In the above conventional art, operability under visible light of a TiO2 photocatalyst is enabled through ion implantation of a metal element to TiO2. However, ion implantation of a metal element is likely to require large and expensive apparatus. To this end, there is a demand for synthesizing the TiO2 photocatalyst through other methods, such as, for example, synthesis in solution or sputtering. However, photocatalyst created through these methods cannot operate by visible light. It is considered that this is because aggregation of the dopant, Cr, occurs or because oxides such as Cr2O3 are formed during the crystallization processes. As described, in the conventional art, there has been a problem that, in order to enable operation of TiO2 by visible light using a metal element, ion implantation of the metal element is required.

DISCLOSURE OF INVENTION

One object of the present invention is to realize a TiO2 photocatalyst capable of operating in the visible light in addition to the ultraviolet range by using a novel material and without using costly production methods such as ion implantation.

According to a first aspect of the present invention, there is provided a photocatalyst comprising, as an inner material, a titanium compound (Ti—O—N or Ti—O—S) in which a nitrogen atom (N) or a sulfur atom (S) substitutes for a portion of the oxygen site of crystals of titanium oxide (for example, TiO2), is doped at an interstitial site of the crystal lattices of titanium oxide, or is placed at the grain boundary of polycrystalline assembly of titanium oxide crystals, and wherein a charge separation material is partially supported on the surface of the titanium compound.

Ti—O—N or Ti—O—S are titanium compounds obtained by introducing nitrogen or sulfur to titanium oxide crystals and have an active photocatalytic function not only when exposed to light in the ultraviolet range, but also under light in the visible range. Therefore, the photocatalytic function similar to that in TiO2 can be obtained with visible light as the operational light.

Moreover, a charge separation material can be partially supported on the surface of Ti—O—N or Ti—O—S. As the charge separation material, for example, at least one of Pt, Pd, Ni, RuOx (for example, RuO2), NiOx (for example, NiO), SnOx (for example, SnO2), AlxOy (for example, Al2O3), ZnOx (for example, ZnO), and SiOx (for example, SiO2) may be selected. Such a charge separation material acts as a promoter and facilitates separation of charges produced as a result of irradiation of light. That is, a metal element such as Pt, Pd, and Ni selectively captures electrons and an oxide such as RuOx (for example, RuO2), NiOx (for example, NiO), SnOx (for example, SnO2), AlxOy (for example, Al2O3), ZnOx (for example, ZnO), and SiOx (for example, SiO2) selectively captures holes. Therefore, by partially supporting these materials on the surface of the photocatalytic material, the probability of recombination of electrons and holes produced by the photocatalytic reaction is reduced and, thus, reduction in activity caused by the recombination of electrons and holes can be prevented.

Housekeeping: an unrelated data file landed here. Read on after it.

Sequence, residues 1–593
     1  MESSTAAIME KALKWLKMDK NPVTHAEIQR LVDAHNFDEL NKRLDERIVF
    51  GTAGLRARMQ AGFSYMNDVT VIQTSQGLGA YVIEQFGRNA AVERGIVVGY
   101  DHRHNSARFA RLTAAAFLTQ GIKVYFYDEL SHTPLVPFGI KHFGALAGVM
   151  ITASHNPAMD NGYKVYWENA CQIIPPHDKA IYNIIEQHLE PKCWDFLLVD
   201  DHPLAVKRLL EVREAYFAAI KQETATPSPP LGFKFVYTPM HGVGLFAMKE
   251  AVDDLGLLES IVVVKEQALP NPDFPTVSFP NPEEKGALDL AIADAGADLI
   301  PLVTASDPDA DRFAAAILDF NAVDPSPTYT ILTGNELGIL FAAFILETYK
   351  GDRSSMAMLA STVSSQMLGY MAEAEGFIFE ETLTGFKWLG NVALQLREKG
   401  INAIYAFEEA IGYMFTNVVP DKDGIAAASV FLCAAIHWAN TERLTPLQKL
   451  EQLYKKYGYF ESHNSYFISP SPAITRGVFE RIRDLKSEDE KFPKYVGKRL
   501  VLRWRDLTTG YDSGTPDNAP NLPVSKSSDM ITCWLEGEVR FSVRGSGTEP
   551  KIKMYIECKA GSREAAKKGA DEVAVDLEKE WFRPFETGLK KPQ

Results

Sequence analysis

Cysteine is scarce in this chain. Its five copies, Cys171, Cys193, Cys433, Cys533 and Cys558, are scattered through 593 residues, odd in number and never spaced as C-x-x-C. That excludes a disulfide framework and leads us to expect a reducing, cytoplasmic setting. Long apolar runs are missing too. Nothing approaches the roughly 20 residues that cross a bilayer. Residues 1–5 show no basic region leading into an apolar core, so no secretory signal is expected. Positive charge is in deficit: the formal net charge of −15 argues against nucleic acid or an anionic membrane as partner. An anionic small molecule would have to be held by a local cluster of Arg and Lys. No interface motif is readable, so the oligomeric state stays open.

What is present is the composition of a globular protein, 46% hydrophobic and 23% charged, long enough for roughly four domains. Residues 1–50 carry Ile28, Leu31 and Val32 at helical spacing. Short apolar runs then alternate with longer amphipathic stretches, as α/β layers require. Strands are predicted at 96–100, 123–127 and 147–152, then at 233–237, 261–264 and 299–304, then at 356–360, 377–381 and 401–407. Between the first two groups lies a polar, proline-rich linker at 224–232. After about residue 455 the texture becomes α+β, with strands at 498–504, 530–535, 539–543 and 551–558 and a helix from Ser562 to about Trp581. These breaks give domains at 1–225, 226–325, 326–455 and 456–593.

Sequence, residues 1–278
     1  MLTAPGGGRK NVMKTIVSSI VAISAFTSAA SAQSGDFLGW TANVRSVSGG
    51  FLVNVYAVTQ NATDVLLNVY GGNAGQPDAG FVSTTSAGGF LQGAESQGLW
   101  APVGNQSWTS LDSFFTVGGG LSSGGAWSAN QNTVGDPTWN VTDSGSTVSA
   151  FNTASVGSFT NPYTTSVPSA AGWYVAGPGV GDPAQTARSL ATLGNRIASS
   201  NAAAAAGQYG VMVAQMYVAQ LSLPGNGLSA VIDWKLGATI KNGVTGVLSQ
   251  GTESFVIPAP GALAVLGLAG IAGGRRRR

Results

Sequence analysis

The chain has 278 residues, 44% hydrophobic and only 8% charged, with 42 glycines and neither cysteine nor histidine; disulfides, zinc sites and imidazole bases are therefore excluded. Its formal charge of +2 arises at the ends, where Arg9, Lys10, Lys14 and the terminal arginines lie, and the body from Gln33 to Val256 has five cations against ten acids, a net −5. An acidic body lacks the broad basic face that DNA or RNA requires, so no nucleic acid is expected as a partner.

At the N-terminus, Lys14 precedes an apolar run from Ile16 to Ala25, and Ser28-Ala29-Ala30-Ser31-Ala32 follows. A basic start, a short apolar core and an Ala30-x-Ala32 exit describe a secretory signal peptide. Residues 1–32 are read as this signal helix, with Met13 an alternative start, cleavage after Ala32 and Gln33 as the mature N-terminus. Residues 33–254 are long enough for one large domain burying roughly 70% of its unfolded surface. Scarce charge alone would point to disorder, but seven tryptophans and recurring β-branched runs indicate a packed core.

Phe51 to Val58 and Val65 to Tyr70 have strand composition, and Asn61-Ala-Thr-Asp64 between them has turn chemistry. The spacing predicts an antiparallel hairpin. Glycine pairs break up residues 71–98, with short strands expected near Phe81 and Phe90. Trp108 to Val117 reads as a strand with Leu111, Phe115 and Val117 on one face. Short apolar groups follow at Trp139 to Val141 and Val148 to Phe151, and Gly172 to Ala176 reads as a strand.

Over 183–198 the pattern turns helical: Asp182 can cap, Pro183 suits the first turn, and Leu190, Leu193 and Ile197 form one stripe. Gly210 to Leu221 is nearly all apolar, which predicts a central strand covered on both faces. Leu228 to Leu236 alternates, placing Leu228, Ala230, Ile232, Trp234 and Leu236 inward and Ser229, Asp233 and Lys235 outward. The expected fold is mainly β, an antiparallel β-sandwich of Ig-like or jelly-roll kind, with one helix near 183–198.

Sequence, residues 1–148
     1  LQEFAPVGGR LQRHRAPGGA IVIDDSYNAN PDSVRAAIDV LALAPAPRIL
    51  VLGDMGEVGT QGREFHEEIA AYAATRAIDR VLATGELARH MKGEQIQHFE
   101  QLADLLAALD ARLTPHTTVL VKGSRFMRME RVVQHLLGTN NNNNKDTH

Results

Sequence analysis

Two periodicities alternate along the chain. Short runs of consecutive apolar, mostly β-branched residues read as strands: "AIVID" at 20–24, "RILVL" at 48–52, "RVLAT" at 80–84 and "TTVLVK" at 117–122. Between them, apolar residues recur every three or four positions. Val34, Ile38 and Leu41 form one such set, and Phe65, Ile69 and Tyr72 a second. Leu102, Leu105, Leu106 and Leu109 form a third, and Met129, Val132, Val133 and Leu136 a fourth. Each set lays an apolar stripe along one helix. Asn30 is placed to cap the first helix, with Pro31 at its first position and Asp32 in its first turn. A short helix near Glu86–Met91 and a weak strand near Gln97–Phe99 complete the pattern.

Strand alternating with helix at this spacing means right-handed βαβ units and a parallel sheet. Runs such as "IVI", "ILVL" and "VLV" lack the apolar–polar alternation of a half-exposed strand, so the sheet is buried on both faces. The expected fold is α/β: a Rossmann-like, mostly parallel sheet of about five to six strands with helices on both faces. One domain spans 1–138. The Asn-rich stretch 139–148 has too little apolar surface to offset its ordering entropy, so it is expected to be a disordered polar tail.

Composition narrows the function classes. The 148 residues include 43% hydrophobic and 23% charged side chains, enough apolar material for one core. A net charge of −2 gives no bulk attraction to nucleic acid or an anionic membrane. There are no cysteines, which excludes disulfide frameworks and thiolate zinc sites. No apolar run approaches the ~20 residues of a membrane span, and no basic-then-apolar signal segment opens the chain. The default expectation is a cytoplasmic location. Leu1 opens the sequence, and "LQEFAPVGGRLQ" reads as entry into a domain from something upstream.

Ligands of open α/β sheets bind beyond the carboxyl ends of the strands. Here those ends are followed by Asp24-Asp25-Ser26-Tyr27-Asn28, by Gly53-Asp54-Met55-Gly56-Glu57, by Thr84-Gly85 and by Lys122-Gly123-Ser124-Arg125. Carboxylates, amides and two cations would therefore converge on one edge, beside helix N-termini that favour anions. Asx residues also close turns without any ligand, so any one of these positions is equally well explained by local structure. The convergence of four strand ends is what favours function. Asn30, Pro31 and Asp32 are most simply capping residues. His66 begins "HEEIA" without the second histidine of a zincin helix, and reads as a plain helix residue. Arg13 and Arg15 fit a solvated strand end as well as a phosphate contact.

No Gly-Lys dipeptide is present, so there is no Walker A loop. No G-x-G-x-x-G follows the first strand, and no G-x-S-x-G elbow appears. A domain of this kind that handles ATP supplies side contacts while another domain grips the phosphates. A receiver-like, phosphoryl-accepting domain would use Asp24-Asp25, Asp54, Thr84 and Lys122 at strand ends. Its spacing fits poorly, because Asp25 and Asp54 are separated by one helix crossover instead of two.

It is preferable that the ratio, X %, of number of atoms of N in Ti—O—N be 0<X<13. A similar ratio is preferable for the S in Ti—O—S. It is also preferable that, when the metal element or oxide is assumed to be uniformly supported, the amount of the metal element or oxide on the surface which acts as a promoter corresponds to a thickness of 0.1 angstrom (Å) to 10 Å. In the case of SiOx, it is preferable that the corresponding amount be 10 Å to 500 Å. In reality, these promoters on the surface forms an island-like structure and may not be present entirely over the Ti—O—N or Ti—O—S surface.

According to another aspect of the present invention, it is preferable that the Ti—O—N or Ti—O—S is used as an inner material, a titanium oxide layer is formed on the surface of the inner material, and a charge separation material is partially supported on the surface of the titanium oxide layer.

By employing such a structure, it is possible for the inner Ti—O—N or Ti—O—S to absorb light in the range from ultraviolet to visible while allowing catalytic reaction by the titanium oxide on the surface and the charge separation material partially supported thereon. Titanium oxide is inexpensive and stable, and an effective catalytic reaction can be realized while preventing recombination of electrons and holes by Pt, Pd, Ni, RuOx (for example, RuO2), NiOx (for example, NiO), SnOx (for example, SnO2), AlxOy (for example, Al2O3), ZnOx (for example, ZnO), and SiOx (for example, SiO2).